On the hunt for the “typical” Australian

Cara MacNish writes: Re. “Media rush to find the ‘typical’ Australian” (Wednesday) In the age of fake news I would like to reassure readers that words have meanings. The ABS is to be credited for cautiously putting quotes around “typical” throughout its press release and including explanatory notes. Many of the subsequent news reports are less cautious, and frequently replace ‘typical’ with ‘average’, even when apparently quoting from the ABS. None of the data released by the ABS contain averages. The median age simply means that if you line up all of the people in order of age, that age falls in the middle. Only one person is required to be of that age, and other ages may be far more common. The remaining figures, by contrast, are modes.

For example, two children being the mode for “Count of All Children in Family” means that two is more common than other numbers, but not that the majority of families have two children. Further, it is unclear from the release what constitutes a ‘family’, and whether a count of zero children was included in this sample. The ABS further notes that each criterion is analysed independently.

This means that, despite the data being correct, the coincidence of characteristics that define “Claire” need not exist at all, and certainly need not be the most common coincidence of characteristics. It has to be questioned, then, what value this caricature provides. Overall, the ABS release and subsequent press coverage leave the impression that if you travel about Australian society you will bump into ‘Claire’ more frequently than any other type of person. This is not what the data say. It is misleading not because, as the ABS is quick to point out, “we’re [also] a big, diverse community”, but because it is not what the data say.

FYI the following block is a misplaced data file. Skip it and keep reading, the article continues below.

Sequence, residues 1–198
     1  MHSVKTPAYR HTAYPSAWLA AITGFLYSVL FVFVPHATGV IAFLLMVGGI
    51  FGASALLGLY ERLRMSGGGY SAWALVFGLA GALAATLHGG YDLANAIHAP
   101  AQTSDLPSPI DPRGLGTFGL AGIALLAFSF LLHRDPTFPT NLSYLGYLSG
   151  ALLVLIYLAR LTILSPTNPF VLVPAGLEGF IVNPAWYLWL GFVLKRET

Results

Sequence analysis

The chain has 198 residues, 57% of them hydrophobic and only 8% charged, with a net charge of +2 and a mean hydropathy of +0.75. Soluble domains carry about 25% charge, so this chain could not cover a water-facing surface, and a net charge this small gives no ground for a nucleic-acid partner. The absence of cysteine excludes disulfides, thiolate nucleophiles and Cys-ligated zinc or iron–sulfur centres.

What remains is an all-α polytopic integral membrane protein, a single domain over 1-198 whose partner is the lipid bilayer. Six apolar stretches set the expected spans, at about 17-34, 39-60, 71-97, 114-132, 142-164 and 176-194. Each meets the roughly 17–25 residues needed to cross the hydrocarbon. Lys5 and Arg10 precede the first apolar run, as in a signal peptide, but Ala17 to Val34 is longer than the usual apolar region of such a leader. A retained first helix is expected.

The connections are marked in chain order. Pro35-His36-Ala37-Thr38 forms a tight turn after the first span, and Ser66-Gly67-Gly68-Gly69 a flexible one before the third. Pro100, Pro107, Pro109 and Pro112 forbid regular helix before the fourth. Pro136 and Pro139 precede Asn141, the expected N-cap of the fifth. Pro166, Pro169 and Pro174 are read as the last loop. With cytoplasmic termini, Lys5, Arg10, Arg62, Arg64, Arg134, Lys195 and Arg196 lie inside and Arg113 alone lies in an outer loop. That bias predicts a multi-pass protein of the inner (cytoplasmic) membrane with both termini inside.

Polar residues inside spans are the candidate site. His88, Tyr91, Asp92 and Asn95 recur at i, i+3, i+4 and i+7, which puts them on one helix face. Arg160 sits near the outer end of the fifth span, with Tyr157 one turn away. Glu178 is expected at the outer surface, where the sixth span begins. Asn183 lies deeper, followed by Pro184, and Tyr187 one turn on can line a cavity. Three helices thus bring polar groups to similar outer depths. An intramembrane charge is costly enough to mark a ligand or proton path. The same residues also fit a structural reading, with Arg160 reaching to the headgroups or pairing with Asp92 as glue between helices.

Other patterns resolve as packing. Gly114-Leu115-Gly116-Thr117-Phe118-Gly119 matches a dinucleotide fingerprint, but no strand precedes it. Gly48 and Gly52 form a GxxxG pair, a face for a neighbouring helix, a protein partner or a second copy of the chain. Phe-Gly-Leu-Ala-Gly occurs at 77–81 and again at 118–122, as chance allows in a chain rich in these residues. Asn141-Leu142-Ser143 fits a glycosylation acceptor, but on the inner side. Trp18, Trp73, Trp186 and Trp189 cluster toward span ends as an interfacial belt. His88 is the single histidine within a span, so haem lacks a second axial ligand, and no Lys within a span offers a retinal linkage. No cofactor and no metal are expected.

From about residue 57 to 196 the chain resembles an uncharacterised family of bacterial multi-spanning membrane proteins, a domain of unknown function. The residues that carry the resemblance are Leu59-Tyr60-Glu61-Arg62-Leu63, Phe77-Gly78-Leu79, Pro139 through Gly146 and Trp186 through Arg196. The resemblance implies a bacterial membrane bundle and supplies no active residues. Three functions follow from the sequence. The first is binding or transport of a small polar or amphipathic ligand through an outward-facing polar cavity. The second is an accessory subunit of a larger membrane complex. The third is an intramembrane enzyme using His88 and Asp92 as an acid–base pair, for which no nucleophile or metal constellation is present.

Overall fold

On the Grassroots Greens

Colin Smith writes: Re. “Are the Greens heading for factional war?” (Tuesday)

I learn that we Victorian Greens are being challenged by some nameless people called the “Grassroots Greens”. 

I reject the insinuations in their manifesto, that we in the mainstream are afraid to “put forward radical policy”; and “playing small target politics”. We are however, indeed guilty “of chasing votes in … inner-city … electorates” – probably relatively “wealthy” ones, at least one of which is called “blue-ribbon”.

 We are guilty of this because – long before we had any money to throw at anything – we won a lot more votes from those inner-city electorates – mainly Labor but also Liberal – while outer electorates were far less receptive. We therefore field candidates statewide only with a view to sustaining our upper house vote, while focusing resources on those lower house seats which we have some chance of winning.

We thus follow the advice of Sun Tzu – “to avoid what is strong, and strike at what is weak”, whereas the “Grassroots Greens” think we should do the opposite –  squandering our resources and shattering our morale and momentum in futile campaigns to win the unwinnable. They propose this, presumably, in order to ensure that we retain that political purity of which Gough Whitlam spoke – the purity of the impotent. 

On the Carmichael coal mine

Meredith Williams writes: Re. “Will Turnbull pander to Adani with a $900m loan?” (Wednesday)

What! Malcolm Turnbull has redoubled his commitment to the controversial Carmichael coal mine, and we are on the verge of lending Adani the money to build its railroad to disaster? This is madness! Coal is a has-been, open-cut mines are environmental vandalism, and anyone with the brain of half a sea slug could work out that the colossal seaport required to service this proposed mega mine, with its constant heavy traffic, will be the death knell of the already severely damaged Barrier Reef. Our priceless coral wonderland is one of the most sensitive ecosystems on the planet. Tell Adani to pack up and shoot through. 

Peter Fray

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